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  • The Oceti Sakowin Camp at Standing Rock, North Dakota

    The Oceti Sakowin Camp at Standing Rock, North Dakota | Photo: Standing Rock Rising

"There were a lot of people who felt like the prospect of treaty rights was something worth getting arrested over," Linda Black Elk told The Guardian.

Police in North Dakota arrested 76 people at Standing Rock Wednesday afternoon, as the Army Corp of Engineers cleared the way for the Dakota Access Pipeline to continue construction through Native American land.

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Water protectors had set up a new camp, the Last Child Camp, and lit a sacred fire near where construction is expected to begin any day, vowing to stop the controversial pipeline which violates the sovereign treaty rights of the Standing Rock Sioux Tribe and threatens to contaminate the water supply for millions of North Dakota residents.

Armed police used bulldozers and sound cannons to destroy the camp, put out the sacred fire, and carry out the arrests. Morton County sheriff's office spokesman Rob Keller said it was too soon to say what the protesters would be charged with, according to The Guardian.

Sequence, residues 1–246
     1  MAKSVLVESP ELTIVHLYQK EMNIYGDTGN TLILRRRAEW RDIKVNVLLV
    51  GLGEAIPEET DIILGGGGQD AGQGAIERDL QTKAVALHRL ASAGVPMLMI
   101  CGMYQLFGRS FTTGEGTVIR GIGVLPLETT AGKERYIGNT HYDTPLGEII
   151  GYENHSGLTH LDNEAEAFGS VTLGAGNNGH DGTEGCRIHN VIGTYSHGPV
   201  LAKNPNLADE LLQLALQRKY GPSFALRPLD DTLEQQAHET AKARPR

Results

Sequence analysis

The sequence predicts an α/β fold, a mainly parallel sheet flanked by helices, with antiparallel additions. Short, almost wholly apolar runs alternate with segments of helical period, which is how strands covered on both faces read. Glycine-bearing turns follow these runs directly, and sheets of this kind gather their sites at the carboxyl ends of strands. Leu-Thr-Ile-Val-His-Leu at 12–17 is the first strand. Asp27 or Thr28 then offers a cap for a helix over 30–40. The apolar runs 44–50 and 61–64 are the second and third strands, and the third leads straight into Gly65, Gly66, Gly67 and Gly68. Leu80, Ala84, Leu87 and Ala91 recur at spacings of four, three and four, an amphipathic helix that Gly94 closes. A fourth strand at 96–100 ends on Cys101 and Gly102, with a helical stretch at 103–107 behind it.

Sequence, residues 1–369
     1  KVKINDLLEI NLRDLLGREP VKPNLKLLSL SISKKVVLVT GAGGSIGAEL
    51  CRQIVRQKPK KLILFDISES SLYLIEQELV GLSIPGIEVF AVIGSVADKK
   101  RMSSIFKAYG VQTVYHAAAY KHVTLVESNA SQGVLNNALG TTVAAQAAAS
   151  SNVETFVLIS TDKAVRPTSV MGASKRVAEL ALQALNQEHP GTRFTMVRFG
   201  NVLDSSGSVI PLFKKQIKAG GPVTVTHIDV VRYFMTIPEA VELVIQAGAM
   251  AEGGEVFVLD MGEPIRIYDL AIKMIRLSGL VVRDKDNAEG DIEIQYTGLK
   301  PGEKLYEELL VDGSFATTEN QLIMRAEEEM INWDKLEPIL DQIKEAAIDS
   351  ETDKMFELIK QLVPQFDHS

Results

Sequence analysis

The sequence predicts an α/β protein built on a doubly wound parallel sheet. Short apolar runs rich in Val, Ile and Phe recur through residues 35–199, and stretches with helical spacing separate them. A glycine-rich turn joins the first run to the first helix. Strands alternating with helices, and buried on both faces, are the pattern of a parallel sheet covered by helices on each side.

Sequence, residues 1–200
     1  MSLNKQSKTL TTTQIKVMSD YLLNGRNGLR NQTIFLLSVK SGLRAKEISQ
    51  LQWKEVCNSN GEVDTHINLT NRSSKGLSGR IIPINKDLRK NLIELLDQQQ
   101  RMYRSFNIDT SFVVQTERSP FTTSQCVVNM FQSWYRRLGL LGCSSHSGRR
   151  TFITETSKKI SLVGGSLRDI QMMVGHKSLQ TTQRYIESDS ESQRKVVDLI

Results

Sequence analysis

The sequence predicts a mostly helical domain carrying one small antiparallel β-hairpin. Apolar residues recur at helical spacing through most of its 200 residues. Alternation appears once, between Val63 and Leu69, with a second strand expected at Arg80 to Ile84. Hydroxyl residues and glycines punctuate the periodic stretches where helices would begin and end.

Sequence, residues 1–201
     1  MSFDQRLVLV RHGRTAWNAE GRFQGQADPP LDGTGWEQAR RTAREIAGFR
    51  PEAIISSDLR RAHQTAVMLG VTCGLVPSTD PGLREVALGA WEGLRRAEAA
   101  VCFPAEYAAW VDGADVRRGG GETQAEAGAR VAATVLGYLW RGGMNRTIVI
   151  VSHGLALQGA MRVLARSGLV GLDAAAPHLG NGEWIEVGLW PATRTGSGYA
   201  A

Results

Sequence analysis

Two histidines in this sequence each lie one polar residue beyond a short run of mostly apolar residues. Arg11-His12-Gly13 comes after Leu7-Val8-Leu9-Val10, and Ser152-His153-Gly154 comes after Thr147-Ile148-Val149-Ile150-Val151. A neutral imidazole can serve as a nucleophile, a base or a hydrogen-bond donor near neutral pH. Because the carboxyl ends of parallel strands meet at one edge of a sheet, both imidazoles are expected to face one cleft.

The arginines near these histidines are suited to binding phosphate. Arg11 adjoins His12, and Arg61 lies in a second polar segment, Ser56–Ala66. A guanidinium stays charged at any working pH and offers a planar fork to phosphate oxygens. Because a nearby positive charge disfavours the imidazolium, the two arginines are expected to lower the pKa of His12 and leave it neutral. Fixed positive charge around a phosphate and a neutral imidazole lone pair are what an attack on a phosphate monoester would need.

"A lot of water protectors really felt that we needed to make some sort of stand as far as treaty rights," said Linda Black Elk, a member of the Catawba Nation, to The Guardian. "We basically started to see police mobilizing from all directions. Someone came along and told us we had about 15 minutes before the camp would get raided."

"There were a lot of people who felt like the prospect of treaty rights was something worth getting arrested over," she added.

One of those arrested was prominent Lakota activist and lawyer Chase Iron Eyes, who has played a key leadership role in the resistance since the early days of the camp.

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The raids came after MG Malcolm Frost, U.S. Army chief of public affairs, said that the government was acting on Trump’s order "to expeditiously review requests for approvals to construct and operate the Dakota Access pipeline compliance with the law," according to The Guardian.

While some early reports suggested that the Sherrif's department was burning down tipis at the camp, this appears to be based on an article published by the Alternative Media Syndicate which illustrated their story with a still from the movie "Bury My Heart At Wounded Knee" "for illustrative purposes to draw the analogy to the ethnic cleansing still happening today."

Several sources reported that Water Protectors were able to dismantle their tipis before being forced from the camp.

CORRECTION

An earlier version of this story reported that "Police in North Dakota arrested 76 people at Standing Rock in a raid where they also set tipis on fire, as the Army Corp of Engineers cleared the way for the Dakota Access pipeline to continue construction through Native American land."

This was incorrect. No tipis were burned.

Originally published Feb. 1 2017. Updated Feb. 2, 2016 at 15:59.

 


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